|Oct/Nov 2014 Reviews & Interviews|
The Incorrigible Optimists Club
Atlantic. 2014. 624 pp.
ISBN 978 1 84887 541 8.
This book begins in 1980 as two men, who have not seen each other for nearly 20 years, meet in the Montparnasse cemetery at the burial of a famous writer. We are not told the name of the writer, but clearly it is Jean-Paul Sartre. Sartre plays no significant part in the book, but he and Joseph Kessel, both of whom were known for their Communist sympathies, turn up later in the book as a members of a chess club consisting mostly of men who have fled from communist regimes in Eastern Europe.
I did not understand this first chapter until I re-read it after finishing the book. It prefaces an account of the life of French/Italian teenager, Michel Marin, in the years between 1959 and 1964. This was a time when the "cold war" and the "Algerian question" dominated French media, and the eruption of Rock-and-Roll into the lives of teenagers was the cause of much parental concern. Michel, who is the narrator in this book, does not like school, he cheats at maths, and he likes to spend his spare time at the baby-football (table football) tables in the local cafes. He is a super-star at baby football.
One cafe, in particular, the Café Balto, becomes his favourite haunt and he begins to get to know the older men who meet in a curtained off part of the cafe to play chess and, sometimes, to conduct heated arguments. It is the past lives of these men, especially the experiences of those who escaped from Communist Russia and who are now struggling with problems which this has caused in their current lives, which make up the core of this book. Michel's own life, and his friendship with some of these men, also fills many chapters.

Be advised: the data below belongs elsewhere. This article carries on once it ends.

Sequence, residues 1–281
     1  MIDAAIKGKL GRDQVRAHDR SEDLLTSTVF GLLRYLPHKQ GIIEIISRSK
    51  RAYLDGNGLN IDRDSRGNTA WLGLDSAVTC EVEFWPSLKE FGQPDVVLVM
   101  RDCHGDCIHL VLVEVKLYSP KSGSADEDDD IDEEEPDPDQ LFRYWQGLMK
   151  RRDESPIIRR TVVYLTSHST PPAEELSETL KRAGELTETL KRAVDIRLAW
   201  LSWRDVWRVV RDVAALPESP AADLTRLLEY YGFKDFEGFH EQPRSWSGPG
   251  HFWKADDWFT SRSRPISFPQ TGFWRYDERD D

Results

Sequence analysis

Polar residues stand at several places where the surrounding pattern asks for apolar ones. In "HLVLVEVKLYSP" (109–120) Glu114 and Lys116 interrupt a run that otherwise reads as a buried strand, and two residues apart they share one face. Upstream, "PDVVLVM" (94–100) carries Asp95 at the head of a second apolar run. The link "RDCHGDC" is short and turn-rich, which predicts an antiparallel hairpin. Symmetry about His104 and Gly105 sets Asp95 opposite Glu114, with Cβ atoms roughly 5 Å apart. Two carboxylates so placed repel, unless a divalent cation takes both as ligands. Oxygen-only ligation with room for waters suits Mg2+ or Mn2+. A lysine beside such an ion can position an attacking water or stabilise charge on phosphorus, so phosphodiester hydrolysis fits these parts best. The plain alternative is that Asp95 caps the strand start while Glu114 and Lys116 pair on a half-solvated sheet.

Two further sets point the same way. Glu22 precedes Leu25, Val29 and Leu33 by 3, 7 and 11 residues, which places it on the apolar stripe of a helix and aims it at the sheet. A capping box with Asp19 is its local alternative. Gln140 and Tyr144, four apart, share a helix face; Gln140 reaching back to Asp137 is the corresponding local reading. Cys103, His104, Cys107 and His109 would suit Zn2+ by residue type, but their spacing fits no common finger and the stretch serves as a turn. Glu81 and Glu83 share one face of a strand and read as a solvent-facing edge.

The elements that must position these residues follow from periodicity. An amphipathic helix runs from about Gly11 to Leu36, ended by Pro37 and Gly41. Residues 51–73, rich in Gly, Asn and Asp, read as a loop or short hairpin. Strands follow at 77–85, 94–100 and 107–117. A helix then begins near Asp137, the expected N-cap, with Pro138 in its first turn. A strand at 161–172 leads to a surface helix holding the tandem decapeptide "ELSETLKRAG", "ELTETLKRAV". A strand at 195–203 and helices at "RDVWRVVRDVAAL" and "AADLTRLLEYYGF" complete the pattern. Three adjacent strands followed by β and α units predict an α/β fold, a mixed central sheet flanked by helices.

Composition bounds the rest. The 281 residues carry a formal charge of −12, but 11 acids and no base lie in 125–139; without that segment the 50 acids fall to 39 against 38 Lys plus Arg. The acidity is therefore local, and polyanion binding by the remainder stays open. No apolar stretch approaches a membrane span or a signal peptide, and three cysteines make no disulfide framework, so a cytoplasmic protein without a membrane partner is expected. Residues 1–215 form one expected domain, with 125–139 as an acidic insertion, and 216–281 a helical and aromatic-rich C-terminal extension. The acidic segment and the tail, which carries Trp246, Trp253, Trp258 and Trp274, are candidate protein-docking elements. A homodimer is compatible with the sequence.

The author, Jean-Michel Guenassia, is a well-regarded and experienced screenwriter, and he knows how to tell a good story. This, his first novel, was awarded the Prix Goncourt des Lycéens, and it attracted accolades from Le Figaro, Lire, and La Parisienne, which now decorate the book's back cover. La Parisienne called it "A debut, a doorstopper, a masterpiece." The first two, it certainly is, and some chapters are exceptionally vividly written. For me, however, it is not a masterpiece.
Although I was gripped by the stories of some of the characters, these are told in chapters which alternate with Michel's own accounts of his teenage trials and angst over problems with school, family, his photography hobby and his love-life. I have to admit that I began to skim through some of these chapters, because I was more interested in knowing what was happening to other people. Michel's relationship with his older brother, Frank, and with his brother's girl-friend, Cécile, was one story I really wanted to follow. Frank runs away from home to join the fighting in Algeria and then deserts and returns to live an undercover life in Paris. Frank and Cécile, however, vanished from the book and left me wanting to know more about what happened to them. The same thing happens with other characters.
My feeling, in the end, was that too many stories were woven into the book and that it was too long. Other readers, however, have clearly thought differently. And the translation from the French, by Euan Cameron, is excellent.